The Controversy Over NAAC’s System For Assessing Higher Education

NAAC’s System

The Controversy Over NAAC’s System For Assessing Higher Education, which carries out quality checks or assessments of Indian Higher-level Educational Institutions (HEIs), courted controversy recently over the rating of the Maharaja Sayajirao University of Baroda and allegations of bribery in the process.

When the NAAC released the ratings, the institute’s score changed from A to A+ on the back of improvement across parameters. The allegations have surfaced at a time when the NAAC is exploring changes in its approach.

The NAAC, an autonomous body under the University Grants Commission (UGC), assesses and certifies HEIs with gradings as part of accreditation. Through a multi-layered process, a higher education institution learns whether it meets the standards of quality set by the evaluator in terms of curriculum, faculty, infrastructure, research, and other parameters. The ratings of institutions range from A++ to C. If an institution is graded D, it means it is not accredited.

How is the accreditation process carried out?

In a recently-published white paper, co-authored by NAAC executive committee chairman Bhushan Patwardhan and former Indian Institute of Science Education and Research professor KP Mohanan, the current approach has been described as “input-based”. In other words, NAAC relies heavily on self-assessment reports of applicant institutions.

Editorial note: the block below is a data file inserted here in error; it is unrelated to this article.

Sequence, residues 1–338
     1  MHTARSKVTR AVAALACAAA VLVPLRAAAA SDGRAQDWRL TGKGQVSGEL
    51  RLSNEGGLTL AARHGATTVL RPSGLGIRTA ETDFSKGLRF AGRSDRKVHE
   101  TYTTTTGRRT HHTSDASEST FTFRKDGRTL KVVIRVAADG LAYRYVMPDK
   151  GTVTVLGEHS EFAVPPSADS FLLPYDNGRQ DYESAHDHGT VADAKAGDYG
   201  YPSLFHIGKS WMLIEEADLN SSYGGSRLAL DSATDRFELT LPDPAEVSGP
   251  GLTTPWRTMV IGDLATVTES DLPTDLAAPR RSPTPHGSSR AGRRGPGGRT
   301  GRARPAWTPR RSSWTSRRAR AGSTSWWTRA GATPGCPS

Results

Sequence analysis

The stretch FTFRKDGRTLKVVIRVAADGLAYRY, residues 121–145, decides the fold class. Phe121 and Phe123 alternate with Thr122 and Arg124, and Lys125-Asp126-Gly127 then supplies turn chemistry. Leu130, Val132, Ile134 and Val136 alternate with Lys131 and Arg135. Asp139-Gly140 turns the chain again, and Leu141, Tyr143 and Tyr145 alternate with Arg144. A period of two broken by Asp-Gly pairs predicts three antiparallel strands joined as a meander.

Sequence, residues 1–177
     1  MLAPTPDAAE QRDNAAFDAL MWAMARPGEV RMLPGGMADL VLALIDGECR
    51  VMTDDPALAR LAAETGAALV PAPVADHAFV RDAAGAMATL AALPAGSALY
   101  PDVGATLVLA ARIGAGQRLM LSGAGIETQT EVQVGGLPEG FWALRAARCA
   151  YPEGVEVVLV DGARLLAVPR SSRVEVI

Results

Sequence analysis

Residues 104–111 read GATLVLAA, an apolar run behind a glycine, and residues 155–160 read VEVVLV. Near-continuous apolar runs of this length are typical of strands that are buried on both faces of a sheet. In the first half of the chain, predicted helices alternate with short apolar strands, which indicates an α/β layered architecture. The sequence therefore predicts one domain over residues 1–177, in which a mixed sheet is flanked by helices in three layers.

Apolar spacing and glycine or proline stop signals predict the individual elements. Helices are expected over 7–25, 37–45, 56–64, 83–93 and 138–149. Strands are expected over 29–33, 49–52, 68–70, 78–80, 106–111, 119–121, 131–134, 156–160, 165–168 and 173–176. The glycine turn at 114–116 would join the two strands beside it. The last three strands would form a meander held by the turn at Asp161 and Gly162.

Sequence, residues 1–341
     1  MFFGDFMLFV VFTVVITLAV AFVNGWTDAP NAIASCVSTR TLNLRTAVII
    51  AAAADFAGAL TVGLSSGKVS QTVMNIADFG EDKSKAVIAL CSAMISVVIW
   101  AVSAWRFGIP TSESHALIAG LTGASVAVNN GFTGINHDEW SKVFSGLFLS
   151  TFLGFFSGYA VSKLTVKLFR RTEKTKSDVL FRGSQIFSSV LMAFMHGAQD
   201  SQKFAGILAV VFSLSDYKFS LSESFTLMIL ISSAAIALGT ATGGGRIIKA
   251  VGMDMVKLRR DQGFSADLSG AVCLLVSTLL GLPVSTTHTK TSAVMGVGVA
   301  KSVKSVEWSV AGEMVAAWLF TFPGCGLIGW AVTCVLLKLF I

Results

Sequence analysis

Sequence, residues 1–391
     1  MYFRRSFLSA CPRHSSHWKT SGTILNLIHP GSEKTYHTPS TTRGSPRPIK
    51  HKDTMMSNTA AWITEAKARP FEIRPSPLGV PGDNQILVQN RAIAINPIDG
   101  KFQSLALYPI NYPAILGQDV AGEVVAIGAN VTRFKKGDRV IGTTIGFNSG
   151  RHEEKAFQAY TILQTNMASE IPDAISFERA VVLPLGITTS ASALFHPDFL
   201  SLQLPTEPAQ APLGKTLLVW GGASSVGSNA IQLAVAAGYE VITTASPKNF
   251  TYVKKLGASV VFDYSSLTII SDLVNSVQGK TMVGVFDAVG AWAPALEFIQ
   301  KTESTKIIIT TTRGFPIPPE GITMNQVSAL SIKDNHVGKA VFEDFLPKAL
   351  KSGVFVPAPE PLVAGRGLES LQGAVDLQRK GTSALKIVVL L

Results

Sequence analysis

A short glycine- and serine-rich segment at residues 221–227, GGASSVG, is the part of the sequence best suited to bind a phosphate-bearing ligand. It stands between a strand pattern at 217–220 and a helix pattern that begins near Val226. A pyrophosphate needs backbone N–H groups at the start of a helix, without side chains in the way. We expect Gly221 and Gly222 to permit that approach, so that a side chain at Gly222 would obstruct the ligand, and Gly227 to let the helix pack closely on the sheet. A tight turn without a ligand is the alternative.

The first step has an applicant institution submitting a self-study report of information related to quantitative and qualitative metrics. The data is then validated by NAAC expert teams, followed by peer team visits to the institutions. This last step has sparked controversy.

What is the latest controversy about?

NAAC had reportedly withheld the grading of the Maharaja Sayajirao University of Baroda after receiving an anonymous complaint that the university unduly tried to influence the peer review team with gold, cash, and other favours

However, on September 15, NAAC released the improved grading, terming the allegations as “false”. Interestingly, the controversy has surfaced at a time when the council is considering reducing the role of the peer team visits in the overall scheme of things. “The process of Peer Team Visits adds substantial effort on the part of both NAAC’s System and the HEIs. Hence, we recommend that the role of Peer Team visits be facilitatory in nature and not have a significant weightage in assessment and accreditation,” according to the white paper published on July 13 following its review and endorsement by the NAAC academic advisory committee and the advisory council.

What are the alternatives being explored?

From the prevailing “input-based” approach, the NAAC plans to adopt an “outcome-based approach”. The white paper states the current system is akin to accepting the claim of a Ph.D. candidate that his thesis is of high quality. Instead, it suggests that emphasis should be on finding out if students are equipped with relevant skills and academic abilities.

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